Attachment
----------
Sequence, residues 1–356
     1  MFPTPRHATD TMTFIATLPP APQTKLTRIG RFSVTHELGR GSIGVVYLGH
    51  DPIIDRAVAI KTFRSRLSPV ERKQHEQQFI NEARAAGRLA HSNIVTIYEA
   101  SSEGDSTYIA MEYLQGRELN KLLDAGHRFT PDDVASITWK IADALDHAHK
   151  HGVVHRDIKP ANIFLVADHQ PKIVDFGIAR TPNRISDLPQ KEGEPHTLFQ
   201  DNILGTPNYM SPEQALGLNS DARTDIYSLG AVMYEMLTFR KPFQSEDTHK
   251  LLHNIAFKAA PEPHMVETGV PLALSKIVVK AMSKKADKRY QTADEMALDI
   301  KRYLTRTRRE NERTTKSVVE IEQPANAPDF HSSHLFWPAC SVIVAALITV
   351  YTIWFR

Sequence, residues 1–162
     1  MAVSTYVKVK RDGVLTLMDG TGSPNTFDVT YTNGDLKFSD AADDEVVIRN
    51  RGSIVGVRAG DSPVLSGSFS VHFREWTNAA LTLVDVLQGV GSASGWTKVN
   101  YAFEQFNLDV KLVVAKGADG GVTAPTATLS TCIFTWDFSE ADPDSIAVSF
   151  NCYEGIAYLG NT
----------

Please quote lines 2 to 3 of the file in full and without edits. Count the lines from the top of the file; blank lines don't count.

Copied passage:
     1  MFPTPRHATD TMTFIATLPP APQTKLTRIG RFSVTHELGR GSIGVVYLGH
    51  DPIIDRAVAI KTFRSRLSPV ERKQHEQQFI NEARAAGRLA HSNIVTIYEA